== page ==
February–March - Robert W. Paul and Birt Acres build and run the first working 35 mm movie camera in Britain, the Kineopticon. Their first films include Incident at Clovelly Cottage, The Oxford and Cambridge University Boat Race and Rough Sea at Dover.
In France, the brothers Auguste and Louis Lumière, design and built a lightweight, hand-held motion picture camera called the Cinématographe. They discover that their machine can also be used to project images onto a large screen. The Lumière brothers create several short films at this time that are considered to be pivotal in the history of motion pictures.
February 13 - Auguste and Louis Lumière patent the Cinematographe, a combination movie camera and projector.
March 22 - First display of motion pictures by Auguste and Louis Lumière (private screening).
May 27 - Birt Acres patents the Kineopticon under his own name.
Late September - C. Francis Jenkins and Thomas Armat demonstrate their Phantoscope, a motion picture projector, in Atlanta, Georgia at the Cotton States and International Exposition.
November - In Germany, Emil and Max Skladanowsky develop their own film projector.
December 28 - The Lumière brothers have their first paying audience at the Grand Café Boulevard des Capucines in Paris — this date is sometimes considered the debut of the motion picture as an entertainment medium.
December 30 - The American Mutoscope and Biograph Company motion pictures is founded in New Jersey by the KMCD Syndicate of William Kennedy Dickson, Henry Marvin, Herman Casler and Elias Koopman.
Gaumont Pictures founded by the engineer-turned-inventor, Léon Gaumont. Woodville Latham and his sons develop the Latham Loop - the concept of loose loops of film on either side of the intermittent movement to prevent stress from the jerky movement. This is debuted in the Eidoloscope, which is also the first widescreen format (1.85:1).
Herman Casler of American Mutoscope Company, aka American Mutoscope and Biograph Company manufactures the Biograph 68 mm camera, which will become the first successful large format 68mm (70mm) film.
Henri Joly debuts his Joly-Normandin 60 mm format.
Films released in 1895
Annabelle Serpentine Dance
L' Arrivée d'un train à La Ciotat
Autour d'une cabine
Barque sortant du port
Bauerntanz zweier Kinder
Billy Edwards and the Unknown aka Billy Edwards Boxing
La Charcuterie mécanique
The Clown Barber
Das Boxende Känguruh
Dickson Experimental Sound Film
The Execution of Mary Stuart
Griffo-Barnett Prize Fight
Opening of the Kiel Canal
The Oxford and Cambridge University Boat Race
Partie de cartes
La Pêche aux poissons rouges
Place des Cordeliers à Lyon
The Photographical Congress Arrives in Lyon
Princess Ali aka Egyptian Dance
Repas de bébé
Rough Sea at Dover
Le Saut à la couverture
Sparring Contest at Canastota
Workers Leaving the Lumière Factory
February 7 - Anita Stewart (d.1961)
February 8 - King Vidor (d.1982)
March 17 - Shemp Howard (d.1955)
March 27 - Betty Schade (d. 1982)
April 7 - Margarete Schön (d. 1985)
May 6 - Rudolph Valentino (d. 1926)
July 26 - Gracie Allen (d. 1964)
October 2 - Bud Abbott (d. 1974)
October 4 - Buster Keaton (d. 1966)
October 21 - Edna Purviance (d. 1958)
L'Arroseur arrosé (also known as The Waterer Watered and The Sprinkler Sprinkled) is an 1895 French short black-and-white silent comedy film directed and produced by Louis Lumière and starring François Clerc and Benoît Duval. It was first screened on June 10, 1895.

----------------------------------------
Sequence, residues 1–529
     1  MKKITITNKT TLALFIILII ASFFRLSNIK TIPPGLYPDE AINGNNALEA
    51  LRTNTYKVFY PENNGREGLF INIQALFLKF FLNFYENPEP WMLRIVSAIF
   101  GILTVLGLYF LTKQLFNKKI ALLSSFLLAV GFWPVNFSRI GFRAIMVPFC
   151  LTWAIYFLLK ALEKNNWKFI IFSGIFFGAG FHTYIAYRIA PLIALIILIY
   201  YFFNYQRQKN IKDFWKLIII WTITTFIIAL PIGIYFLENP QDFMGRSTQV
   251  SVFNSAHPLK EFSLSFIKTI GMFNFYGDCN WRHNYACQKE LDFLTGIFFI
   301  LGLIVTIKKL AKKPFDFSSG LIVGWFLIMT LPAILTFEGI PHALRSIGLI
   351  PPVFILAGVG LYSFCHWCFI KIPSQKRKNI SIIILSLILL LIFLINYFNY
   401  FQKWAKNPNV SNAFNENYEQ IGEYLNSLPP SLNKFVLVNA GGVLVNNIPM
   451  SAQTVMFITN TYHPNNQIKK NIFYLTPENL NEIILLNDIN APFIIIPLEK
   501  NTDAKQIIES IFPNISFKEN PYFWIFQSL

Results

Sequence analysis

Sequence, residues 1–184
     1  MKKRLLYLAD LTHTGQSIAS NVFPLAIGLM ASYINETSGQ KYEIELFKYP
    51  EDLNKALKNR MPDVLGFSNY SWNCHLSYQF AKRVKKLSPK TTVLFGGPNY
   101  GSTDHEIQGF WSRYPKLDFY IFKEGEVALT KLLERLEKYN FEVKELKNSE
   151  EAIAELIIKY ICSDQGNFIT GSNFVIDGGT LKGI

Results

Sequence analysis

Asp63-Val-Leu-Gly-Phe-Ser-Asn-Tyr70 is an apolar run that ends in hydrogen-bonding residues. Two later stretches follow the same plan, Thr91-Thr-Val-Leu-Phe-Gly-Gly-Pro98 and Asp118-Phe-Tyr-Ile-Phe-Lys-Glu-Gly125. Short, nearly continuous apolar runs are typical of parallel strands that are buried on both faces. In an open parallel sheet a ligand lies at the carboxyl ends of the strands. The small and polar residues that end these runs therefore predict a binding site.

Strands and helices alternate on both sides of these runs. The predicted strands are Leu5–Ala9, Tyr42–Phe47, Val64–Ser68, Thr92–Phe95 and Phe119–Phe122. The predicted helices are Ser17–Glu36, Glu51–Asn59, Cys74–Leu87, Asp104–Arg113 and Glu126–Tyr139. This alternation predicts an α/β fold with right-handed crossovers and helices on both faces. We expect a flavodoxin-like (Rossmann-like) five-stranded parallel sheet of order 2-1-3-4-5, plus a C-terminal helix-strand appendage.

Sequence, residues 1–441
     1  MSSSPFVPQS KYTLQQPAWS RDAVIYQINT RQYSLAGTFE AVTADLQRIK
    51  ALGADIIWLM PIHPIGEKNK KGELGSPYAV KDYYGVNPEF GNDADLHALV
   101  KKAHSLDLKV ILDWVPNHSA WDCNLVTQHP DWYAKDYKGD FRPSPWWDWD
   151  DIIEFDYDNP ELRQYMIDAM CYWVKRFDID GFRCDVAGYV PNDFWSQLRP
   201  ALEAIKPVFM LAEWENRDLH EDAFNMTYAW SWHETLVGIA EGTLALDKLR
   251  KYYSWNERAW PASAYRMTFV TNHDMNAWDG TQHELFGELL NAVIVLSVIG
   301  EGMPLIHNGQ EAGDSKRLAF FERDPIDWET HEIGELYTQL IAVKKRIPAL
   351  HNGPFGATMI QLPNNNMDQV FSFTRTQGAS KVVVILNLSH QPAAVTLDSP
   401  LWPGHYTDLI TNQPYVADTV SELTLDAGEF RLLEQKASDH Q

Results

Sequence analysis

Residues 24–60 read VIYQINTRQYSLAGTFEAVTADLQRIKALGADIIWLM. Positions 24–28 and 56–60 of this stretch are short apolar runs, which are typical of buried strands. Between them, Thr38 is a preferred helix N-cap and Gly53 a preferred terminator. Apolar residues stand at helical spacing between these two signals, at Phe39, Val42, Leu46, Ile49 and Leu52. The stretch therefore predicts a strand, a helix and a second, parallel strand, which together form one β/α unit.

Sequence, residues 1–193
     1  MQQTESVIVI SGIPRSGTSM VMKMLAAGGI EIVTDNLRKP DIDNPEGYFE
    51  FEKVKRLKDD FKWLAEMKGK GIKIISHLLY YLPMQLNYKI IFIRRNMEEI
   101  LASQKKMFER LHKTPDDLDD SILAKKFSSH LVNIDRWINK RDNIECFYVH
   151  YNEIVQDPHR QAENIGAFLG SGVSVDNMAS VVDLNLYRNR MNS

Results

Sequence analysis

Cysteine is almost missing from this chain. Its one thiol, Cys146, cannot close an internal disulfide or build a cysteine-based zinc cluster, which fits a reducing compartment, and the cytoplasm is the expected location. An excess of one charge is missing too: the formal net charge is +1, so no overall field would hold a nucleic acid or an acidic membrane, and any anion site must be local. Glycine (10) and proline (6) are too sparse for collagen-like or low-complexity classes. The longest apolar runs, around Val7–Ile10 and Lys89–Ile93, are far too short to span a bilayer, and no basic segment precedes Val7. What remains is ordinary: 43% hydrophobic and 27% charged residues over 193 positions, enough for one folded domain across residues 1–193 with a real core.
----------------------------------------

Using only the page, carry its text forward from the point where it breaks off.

It has the distinction of being the earliest known instance of film comedy, as well as the first use of film to portray a fictional story. The film was originally known as "Le Jardinier" (The Gardener) or "Le Jardinier et le petit espiègle", and is sometimes referred to in English as "The Tables Turned on the Gardener", and "The Sprinkler Sprinkled".
Shot in Lyon in the spring of 1895, the film portrays a simple practical joke in which a gardener is tormented by a boy who steps on the hose that the gardener is using to water his plants, cutting off the water flow. When the gardener tilts the nozzle up to inspect it, the boy releases the hose, causing the water to spray him. The gardener is stunned and his hat is knocked off, but he soon catches on. A chase ensues, both on and off-screen (the camera never moves from its original position) until the gardener catches the boy and administers a spanking. The entire film lasts only 49 seconds, but this simple bit of slapstick may be the forerunner of all subsequent film comedy.
In the earliest years of the history of film, the cinema was used by pioneers such as Thomas Edison and the Lumières to entertain by the sheer novelty of the invention, and most films were short recordings of mundane events, such as a sneeze, or the arrival of a train. Ever seeking to innovate, the Lumières took some of the first steps toward narrative film with L'Arroseur arrosé. Given the documentary nature of existing films up until this point, a scripted, comedic film shown among these was unexpected by an audience, enhancing its comedic surprise value.
It was filmed by means of the Cinématographe, an all-in-one camera, which also serves as a film projector and developer. As with all early Lumière movies, this film was made in a 35 mm format with an aspect ratio of 1.33:1.
Louis Lumière used his own gardener, François Clerc, to portray the gardener. For the mischievous boy, Lumière used a young apprentice carpenter from the Lumière factory who is variously credited as Daniel Duval and Benoît Duval. But Léon Trotobas seems to have been the first boy to play the role in La Ciotat.
François Clerc as Gardener
Léon Trotobas, then Benoît Duval as Boy (sometimes credited as Daniel Duval)
The poster for L'Arroseur arrosé has the distinction of being the first poster ever designed to promote an individual film. Although posters had been used to advertise cinematic projection shows since 1890, these early posters were typically devoted to describing the quality of the recordings and touting the technological novelty of these shows. The poster for L'Arroseur, illustrated by Marcellin Auzolle, depicts an audience (in the foreground) laughing as the film (in the background) is projected against a screen. It depicts the moment the gardener is splashed in the face, and is thus also the first film poster to depict an actual scene from a film.
Copies and Imitations
As copyright law was neither enforced nor yet well-defined for the emerging art of cinema, it was common both for competing filmmakers to reshoot a popular film short and for distributors to duplicate a film print to show as their own. Through these practices, L'Arroseur arrosé was copied several times and released under a number of different titles in both France and the US, including at least one remake by the Lumières, themselves. Little is known about most of these copies, although one known remake was filmed by Georges Méliès, titled L'Arroseur, in 1896. French New Wave director François Truffaut later included an homage to the gag in his 1958 film, Les Mistons.